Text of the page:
Perla de Leon’s poignant photographs of the South Bronx in New York place into sharp relief the physical devastation of the neighborhood and the lives of the people who called it home. The artist discusses her 1980 series "South Bronx Spirit," which capture the life, laughter, and resiliency of the community in which de Leon was teaching at the time.
PERLA DE LEON: My name is Perla de Leon, and I'm a New York City photographer. I am here at the Smithsonian American Art Museum talking about my photography series called, "South Bronx Spirit."
I've always lived in Manhattan. I grew up in Harlem. We did not have the fires that the Bronx and the Lower East Side and some areas of Brooklyn had. I knew it could be an area that had had some difficulty, but I had no idea that it had completely burned down the way it did.
At first, maybe they thought I was a newspaper person, then they thought maybe I was a cop. They weren't very comfortable with me until I just started to talk to them and explained that I was teaching down the block and that I was very concerned about what the community looked like and that I wanted to take pictures. Then they were really helpful.
One gentleman called "Pepe" noticed that my car had tires that were on their last threads and he said, "I'll get you some tires if you need some tires, because it's important that you tell people what's happening here." Then I was received really well. He was a very nice human-being and he showed me where he and his family used to live and introduced me to some friends. Then eventually brought me this little diary that belonged to a friend that he wanted to show me, someone who had written about the neighborhood.
When I first arrived on Charlotte Street, the infamous Charlotte Street, besides teaching at the little school up the hill, I was very aware, because it was still nice weather, of all this laughter and children giggling. It was like, ok, there's some life here, let's follow, let's go see where these children are.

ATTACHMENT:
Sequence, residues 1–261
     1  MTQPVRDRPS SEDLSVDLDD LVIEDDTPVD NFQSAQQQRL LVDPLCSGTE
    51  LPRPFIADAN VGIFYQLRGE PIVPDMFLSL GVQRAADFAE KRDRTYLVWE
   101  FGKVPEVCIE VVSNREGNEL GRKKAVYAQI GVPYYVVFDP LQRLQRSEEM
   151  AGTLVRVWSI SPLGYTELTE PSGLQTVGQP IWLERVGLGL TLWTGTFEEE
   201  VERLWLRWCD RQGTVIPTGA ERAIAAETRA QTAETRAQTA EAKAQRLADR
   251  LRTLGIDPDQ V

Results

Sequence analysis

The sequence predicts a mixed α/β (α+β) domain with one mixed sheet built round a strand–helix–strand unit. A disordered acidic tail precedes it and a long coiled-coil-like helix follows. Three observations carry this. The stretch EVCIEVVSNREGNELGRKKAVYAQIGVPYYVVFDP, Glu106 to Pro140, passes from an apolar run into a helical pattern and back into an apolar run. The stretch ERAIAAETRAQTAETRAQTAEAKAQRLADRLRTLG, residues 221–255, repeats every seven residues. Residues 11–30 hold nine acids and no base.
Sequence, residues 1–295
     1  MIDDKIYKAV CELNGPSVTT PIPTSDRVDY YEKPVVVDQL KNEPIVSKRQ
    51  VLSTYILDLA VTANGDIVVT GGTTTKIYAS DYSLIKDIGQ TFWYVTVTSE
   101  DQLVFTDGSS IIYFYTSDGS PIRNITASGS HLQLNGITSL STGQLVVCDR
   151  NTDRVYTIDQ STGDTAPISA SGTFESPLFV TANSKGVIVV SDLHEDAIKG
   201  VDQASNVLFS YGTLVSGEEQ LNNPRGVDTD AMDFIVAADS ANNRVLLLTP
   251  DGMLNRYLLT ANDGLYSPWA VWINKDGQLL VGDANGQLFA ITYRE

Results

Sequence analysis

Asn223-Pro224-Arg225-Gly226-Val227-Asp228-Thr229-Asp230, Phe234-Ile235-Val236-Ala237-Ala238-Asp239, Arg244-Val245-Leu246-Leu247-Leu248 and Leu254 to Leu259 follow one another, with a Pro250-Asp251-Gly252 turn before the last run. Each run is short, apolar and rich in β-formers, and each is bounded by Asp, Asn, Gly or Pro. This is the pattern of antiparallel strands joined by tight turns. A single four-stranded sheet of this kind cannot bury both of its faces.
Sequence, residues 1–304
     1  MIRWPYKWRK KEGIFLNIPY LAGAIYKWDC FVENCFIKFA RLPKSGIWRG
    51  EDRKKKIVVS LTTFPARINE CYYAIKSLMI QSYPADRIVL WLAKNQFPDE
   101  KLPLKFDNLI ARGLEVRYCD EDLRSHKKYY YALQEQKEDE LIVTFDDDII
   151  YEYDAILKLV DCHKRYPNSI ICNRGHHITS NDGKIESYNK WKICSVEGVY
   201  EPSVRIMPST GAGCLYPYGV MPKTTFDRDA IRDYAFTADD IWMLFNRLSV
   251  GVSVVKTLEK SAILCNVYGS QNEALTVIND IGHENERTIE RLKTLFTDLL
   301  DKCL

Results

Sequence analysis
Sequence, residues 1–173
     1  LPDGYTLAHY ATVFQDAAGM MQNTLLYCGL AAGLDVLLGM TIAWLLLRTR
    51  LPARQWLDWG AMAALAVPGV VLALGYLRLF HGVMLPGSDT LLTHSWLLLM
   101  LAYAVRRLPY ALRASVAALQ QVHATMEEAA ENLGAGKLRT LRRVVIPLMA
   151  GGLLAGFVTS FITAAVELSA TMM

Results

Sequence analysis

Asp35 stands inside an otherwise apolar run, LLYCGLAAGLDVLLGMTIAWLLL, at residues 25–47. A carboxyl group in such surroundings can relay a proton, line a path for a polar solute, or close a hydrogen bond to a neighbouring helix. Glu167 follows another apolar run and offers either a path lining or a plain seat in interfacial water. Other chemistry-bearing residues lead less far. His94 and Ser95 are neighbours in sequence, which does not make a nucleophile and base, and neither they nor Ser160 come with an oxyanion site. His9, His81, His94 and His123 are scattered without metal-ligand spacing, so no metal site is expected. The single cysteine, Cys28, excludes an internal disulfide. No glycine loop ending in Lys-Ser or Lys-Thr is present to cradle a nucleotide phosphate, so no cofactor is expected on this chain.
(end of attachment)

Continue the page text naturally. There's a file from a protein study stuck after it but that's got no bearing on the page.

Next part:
I remember him walking down the block and kind of doing his moves. The minute he took that leap, I just quickly prayed that I would catch him, and I was very fortunate that I caught him just as he was in the air. I was always looking for moments like that where you are just capturing what someone is enjoying. He was by himself. It's not like he stopped me and said, "Watch, photograph me." He was into his own thing, and I said, "Ok, this boy is going to leap."
Everyone has captured the fires as they would happen. It was always in the news. It didn't interest me as much. You can see it, obviously, in the background and in the photographs, but I wanted to show more of the life that was there. I feel that my photographs capture the spirit of the kids. For me, it's just resilience.
Smithsonian American Art Museum (8th and G Streets, NW)
America’s urban streets have long inspired documentary photographers. After World War II, populations shifted from the city to the suburbs and newly built highways cut through thriving neighborhoods, leaving isolated pockets within major urban centers. As neighborhoods started to decline in the 1950s, the photographers in this exhibition found ways to call attention to changing cities and their residents. Down These Mean Streets: Community and Place in Urban Photography explores the work of ten photographers—Manuel Acevedo, Oscar Castillo, Frank Espada, Anthony Hernandez, Perla de Leon, Hiram Maristany, Ruben Ochoa, John Valadez, Winston Vargas, and Camilo José Vergara—who were driven to document and reflect on the state of American cities during these transformative years.